The NBWL looks after our wildlife by clearing upwards of 40 projects in just over two hours
Adieu, Panthera Tigris, courtesy NBWL
Not so long ago, Jairam Ramesh and his Ministry of Environment and Forests were being pilloried by industrialists and the business establishment while being cheered by environmentalists. Finally, it seemed, there was someone unafraid of consequences and determined to do what his portfolio demands. There was action on the Niyamgiri issue, on POSCO, on mining near forest areas, on tiger conservation, on Adarsh and Lavasa and, briefly, even Jaitapur. Business satraps howled that he was choking development and consigning India to perennial poverty. The environmental lobby retaliated, repeatedly pointing out that savaging the environment could not possibly lead to ‘development’.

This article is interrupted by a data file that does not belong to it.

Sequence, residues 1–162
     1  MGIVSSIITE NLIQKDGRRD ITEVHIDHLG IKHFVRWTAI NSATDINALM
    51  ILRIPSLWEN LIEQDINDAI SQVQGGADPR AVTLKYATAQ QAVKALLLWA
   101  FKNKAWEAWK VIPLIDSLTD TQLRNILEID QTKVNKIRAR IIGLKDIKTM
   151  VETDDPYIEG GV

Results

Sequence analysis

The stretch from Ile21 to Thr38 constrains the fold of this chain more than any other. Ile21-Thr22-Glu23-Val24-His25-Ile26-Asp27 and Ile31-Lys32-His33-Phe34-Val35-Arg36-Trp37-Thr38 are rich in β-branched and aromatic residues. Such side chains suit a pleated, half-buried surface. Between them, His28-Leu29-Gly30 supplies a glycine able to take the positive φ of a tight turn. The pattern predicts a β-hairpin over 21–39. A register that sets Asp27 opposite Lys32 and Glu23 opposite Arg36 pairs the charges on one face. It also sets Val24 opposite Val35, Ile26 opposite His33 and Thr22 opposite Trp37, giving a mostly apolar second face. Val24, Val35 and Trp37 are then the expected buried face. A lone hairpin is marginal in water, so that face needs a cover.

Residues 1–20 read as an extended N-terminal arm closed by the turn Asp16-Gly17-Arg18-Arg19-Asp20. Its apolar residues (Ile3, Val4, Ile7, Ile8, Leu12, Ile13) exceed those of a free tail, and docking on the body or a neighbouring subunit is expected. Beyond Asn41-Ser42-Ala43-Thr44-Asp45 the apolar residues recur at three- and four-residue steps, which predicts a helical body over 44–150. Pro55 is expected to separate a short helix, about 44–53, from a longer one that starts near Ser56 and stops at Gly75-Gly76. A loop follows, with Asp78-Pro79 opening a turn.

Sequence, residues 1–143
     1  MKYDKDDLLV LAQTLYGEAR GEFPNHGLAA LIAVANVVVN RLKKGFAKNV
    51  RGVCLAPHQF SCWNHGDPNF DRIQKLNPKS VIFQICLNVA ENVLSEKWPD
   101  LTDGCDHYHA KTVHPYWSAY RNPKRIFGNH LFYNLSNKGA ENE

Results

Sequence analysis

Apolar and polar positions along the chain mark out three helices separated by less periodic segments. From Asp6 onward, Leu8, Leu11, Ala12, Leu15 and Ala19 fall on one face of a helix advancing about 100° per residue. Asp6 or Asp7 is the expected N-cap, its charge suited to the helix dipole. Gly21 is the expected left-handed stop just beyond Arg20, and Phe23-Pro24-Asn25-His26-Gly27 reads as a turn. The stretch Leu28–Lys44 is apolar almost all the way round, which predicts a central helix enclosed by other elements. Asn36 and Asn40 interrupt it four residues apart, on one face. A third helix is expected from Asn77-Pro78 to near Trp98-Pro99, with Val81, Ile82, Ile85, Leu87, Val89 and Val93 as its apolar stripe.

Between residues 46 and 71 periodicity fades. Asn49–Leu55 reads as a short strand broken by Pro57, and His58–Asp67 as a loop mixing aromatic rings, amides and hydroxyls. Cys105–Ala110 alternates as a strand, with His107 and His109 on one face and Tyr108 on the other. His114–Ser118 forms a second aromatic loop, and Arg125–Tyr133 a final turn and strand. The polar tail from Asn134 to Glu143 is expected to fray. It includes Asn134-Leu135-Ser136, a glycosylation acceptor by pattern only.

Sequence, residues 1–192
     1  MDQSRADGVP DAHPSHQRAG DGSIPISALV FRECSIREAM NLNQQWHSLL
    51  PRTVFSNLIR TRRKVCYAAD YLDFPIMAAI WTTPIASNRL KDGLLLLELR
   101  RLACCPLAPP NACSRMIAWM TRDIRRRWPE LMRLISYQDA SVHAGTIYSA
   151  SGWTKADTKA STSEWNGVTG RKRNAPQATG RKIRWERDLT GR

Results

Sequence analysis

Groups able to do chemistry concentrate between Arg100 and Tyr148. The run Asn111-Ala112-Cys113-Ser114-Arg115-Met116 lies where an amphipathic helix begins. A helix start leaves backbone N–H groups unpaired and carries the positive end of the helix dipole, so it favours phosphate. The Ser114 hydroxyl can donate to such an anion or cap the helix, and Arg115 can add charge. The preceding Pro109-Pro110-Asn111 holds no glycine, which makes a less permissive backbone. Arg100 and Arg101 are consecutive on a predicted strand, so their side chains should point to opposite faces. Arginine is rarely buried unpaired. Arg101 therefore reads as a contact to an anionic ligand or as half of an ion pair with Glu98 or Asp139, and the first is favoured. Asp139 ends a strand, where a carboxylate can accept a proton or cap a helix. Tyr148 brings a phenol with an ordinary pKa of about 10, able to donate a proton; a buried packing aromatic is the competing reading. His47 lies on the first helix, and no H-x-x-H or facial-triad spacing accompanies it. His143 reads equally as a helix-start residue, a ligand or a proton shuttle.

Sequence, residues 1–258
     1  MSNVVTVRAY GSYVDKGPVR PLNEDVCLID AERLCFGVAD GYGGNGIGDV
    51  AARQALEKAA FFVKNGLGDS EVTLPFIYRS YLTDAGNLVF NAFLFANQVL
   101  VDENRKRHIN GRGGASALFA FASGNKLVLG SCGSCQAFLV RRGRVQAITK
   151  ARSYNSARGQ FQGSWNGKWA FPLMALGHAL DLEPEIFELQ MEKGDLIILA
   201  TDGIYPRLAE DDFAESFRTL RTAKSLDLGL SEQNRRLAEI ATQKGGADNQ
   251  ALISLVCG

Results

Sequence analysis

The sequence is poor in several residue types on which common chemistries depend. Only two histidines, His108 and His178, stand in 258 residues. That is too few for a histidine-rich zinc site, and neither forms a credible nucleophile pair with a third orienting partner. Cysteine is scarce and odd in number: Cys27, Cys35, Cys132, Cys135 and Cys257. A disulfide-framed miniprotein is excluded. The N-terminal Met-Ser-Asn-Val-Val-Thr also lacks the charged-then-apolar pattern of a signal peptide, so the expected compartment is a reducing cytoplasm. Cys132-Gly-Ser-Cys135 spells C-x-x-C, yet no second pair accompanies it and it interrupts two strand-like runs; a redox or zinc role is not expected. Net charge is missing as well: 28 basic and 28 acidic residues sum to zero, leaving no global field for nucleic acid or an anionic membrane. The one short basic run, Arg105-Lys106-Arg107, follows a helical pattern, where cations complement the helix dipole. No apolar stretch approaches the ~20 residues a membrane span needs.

Ramesh is undoubtedly still free of taint and there are no questions about his personal integrity. But his actions, often flying well below radar, tell another story: of a ministry that is hobbled by money pressures from other quarters, of a man under severe pressure, of a ministry that has repeatedly failed its remit. A few days ago, students from the Tata Institute of Social Sciences boycotted Ramesh when he came to their campus to deliver the convocation address. They were protesting his intransigence on Jaitapur, refusing, despite Fukushima and every manner of warning about the plant, the technology, the shoddy EIAs and the inevitable environmental damage, to revisit the environmental clearance for that misbegotten catastrophe-in-waiting. They might well have expanded the range of their protests: Ramesh’s ministry has cleared the controversial POSCO project in Orissa, inviting international condemnation. In a report that is perhaps the more scathing for its restrained language, the Guardian demonstrated how Ramesh’s ministry has rejected just six projects since he took charge in 2009. The MOEF has a nearly 95% clearance rate, holding back only a few proposals for further review. Ramesh has always spoken about ‘striking a balance’ and it is true that even on issues like POSCO he has insisted on the imposition of additional conditions, and ensured that there is more transparency now than before (the MOEF website has plenty of information that was till now kept out). But this is smoke and mirrors. The truth is far more sinister.